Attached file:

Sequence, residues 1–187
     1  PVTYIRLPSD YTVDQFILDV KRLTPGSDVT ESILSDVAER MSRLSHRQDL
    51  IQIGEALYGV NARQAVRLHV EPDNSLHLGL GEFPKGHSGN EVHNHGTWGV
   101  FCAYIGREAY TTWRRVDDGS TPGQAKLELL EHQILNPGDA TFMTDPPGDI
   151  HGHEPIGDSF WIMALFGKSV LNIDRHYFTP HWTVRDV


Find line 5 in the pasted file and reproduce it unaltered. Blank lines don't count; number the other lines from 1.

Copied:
   151  HGHEPIGDSF WIMALFGKSV LNIDRHYFTP HWTVRDV